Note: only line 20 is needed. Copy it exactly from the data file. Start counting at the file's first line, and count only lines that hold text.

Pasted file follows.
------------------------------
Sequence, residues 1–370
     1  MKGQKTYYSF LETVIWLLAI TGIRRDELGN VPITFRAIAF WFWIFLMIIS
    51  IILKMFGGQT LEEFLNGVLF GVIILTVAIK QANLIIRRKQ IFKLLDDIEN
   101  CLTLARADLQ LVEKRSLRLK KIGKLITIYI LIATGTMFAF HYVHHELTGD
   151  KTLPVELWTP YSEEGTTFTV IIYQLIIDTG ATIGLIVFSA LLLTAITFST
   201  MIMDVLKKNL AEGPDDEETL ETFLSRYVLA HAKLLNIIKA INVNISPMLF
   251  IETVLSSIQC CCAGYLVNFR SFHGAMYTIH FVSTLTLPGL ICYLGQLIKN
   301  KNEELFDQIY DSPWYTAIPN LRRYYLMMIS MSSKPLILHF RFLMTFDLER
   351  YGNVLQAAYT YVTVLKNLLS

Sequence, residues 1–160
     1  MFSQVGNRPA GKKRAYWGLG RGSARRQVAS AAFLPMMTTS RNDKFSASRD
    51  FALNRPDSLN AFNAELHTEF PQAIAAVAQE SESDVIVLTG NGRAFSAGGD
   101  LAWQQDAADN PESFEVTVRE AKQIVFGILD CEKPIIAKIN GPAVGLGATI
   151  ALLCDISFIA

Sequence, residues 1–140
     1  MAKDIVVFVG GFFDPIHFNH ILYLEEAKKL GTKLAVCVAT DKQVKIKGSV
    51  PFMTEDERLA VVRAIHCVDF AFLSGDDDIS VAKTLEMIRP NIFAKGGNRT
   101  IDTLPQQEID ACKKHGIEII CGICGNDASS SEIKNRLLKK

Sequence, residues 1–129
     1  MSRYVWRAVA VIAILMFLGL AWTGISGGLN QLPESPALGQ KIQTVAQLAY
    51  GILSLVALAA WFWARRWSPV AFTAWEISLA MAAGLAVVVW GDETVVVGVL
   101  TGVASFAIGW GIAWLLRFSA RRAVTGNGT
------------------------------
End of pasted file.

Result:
     1  MSRYVWRAVA VIAILMFLGL AWTGISGGLN QLPESPALGQ KIQTVAQLAY